Some readers enjoy revisiting a story. Re-reading is an easy activity with little risk for disappointment. However, it’s not always a comfortable experience.
Why do we re-read?
The reason is often the most obvious one: we want to read the story again because it’s one of our favorites.
That simple explanation doesn’t stop psychologists from looking into why people re-consume film, television episodes and books when there are new stories available. In The Atlantic article “On Repeat: Why People Watch Movies and Shows Over and Over”, Derek Thompson lists four additional reasons:
Mere Exposure Effect: Our enjoyment for the book increases because we’ve been previously exposed to it.
Regressive Re-Consumption: We use the book as a time machine to revisit a lost memory.
Emotional Regulation: We receive the emotional payoff we expect from the book.
Existential Understanding: When we reengage with the book, we rework an experience that occurred when we first read it.
Is re-reading a waste of time?
Revisiting a story is often considered an inefficient use of leisure time. When you have a towering TBR pile, why would you give attention to the books you’ve read?
It turns out that there’s more going on than reading. Research suggests that re-consumption habits or repeating experiences has health benefits.
In this Oprah Daily article, Michelle Darrisaw referenced a 2012 study about re-consumption experiences. They found that “repeating experiences is not only comforting, it also gives you a boost of happiness.”
Another 2012 study discovered that re-reading a favorite book or watching reruns on television helped with self-control. Researcher Jayne Derrick, Ph.D. explains that “there was a measurable restorative effect from a familiar fictional world.”
But it must a favorite to enjoy the benefits. As this Very Well Mind article from Elizabeth Scott, MS, points out, there’s a “social surrogacy” in revisiting a beloved story. “Re-watching a favorite television show can provide a less stressful encounter than real-life social encounters that may include conflict or other unknown potential energy drains.”
Advantages and Disadvantages of Re-Reading
Greek philosopher Heraclitus said, “No man ever steps in the same river twice, for it’s not the same river and he’s not the same man.” Every book lover knows how this feels when they re-read their favorite stories. Your hard-earned life experiences will influence how you respond to the book every time you crack it open.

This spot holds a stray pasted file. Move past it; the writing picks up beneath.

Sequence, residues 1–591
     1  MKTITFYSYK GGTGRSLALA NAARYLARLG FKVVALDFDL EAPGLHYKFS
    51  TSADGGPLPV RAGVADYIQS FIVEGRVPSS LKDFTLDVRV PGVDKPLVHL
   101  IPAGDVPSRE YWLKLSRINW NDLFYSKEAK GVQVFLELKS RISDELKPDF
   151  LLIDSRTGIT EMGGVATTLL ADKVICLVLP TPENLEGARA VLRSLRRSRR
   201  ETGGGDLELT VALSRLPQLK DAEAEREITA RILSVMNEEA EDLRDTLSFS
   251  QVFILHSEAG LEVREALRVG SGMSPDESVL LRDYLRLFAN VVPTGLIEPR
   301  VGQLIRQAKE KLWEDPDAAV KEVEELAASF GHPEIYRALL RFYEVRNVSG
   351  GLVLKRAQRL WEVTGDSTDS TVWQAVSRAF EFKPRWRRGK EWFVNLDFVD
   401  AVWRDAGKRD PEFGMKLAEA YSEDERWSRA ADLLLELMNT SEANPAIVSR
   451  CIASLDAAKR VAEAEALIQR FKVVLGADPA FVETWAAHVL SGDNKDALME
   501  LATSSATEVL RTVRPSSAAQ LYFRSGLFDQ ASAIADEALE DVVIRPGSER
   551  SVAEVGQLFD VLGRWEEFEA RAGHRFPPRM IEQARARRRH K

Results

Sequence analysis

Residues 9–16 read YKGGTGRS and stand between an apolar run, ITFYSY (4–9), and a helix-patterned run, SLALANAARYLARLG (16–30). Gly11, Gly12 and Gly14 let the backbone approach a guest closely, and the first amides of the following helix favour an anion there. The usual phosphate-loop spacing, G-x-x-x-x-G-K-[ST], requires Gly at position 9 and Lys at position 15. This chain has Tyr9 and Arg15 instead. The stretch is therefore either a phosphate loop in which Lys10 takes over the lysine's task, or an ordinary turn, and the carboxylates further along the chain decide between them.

Sometimes revisiting the story will enhance your enjoyment. You discover small but significant moments that you had missed before. A character’s action or words has additional meaning the second time around, or the recurring theme is more pronounced when you read the book over and over.
Reading a book multiple times also allows you to establish a stronger bond with the story and characters. In her podcast “Why Re-Reading is Possibly the Best Reading,” Sarah Mackenzie reminds us that books can be lifelong companions “but friendship isn’t instantaneous. Friendships take time.”
Of course, re-reading a book has the potential to diminish the enjoyment. The book you adored decades ago might seem problematic if you read it today. Or the story that had been so important to you during one point in your life no longer interests you.
But perhaps readers shouldn’t expect a book to remain a favorite. They can be important at different times in a person’s life. In her BookRiot article “Reflections on Rereading and the Self”, Sarah Rahman says that re-reading is a way to measure changes in yourself. “Rereading has taught me that there are an infinite number of books out there to love,” she says, “but I won’t necessarily love them now, at this time in my life.”
Here are two ways to revisit your favorite stories without investing too much time:
Treat it as a ritual instead of a habit. Make it a tradition or a special occasion when you don’t have the time. Read your favorite Christmas romance every year around the holidays. When you travel, bring along a beloved book set in that location.
Add a twist to the familiar. Repeat the experience of your favorite book by listening to the audio edition. The addition of the narrator adds a new approach to the story and you can do other tasks while re-reading on audio.
Are all the books on your keeper shelf worthy of a re-read? Take the challenge here.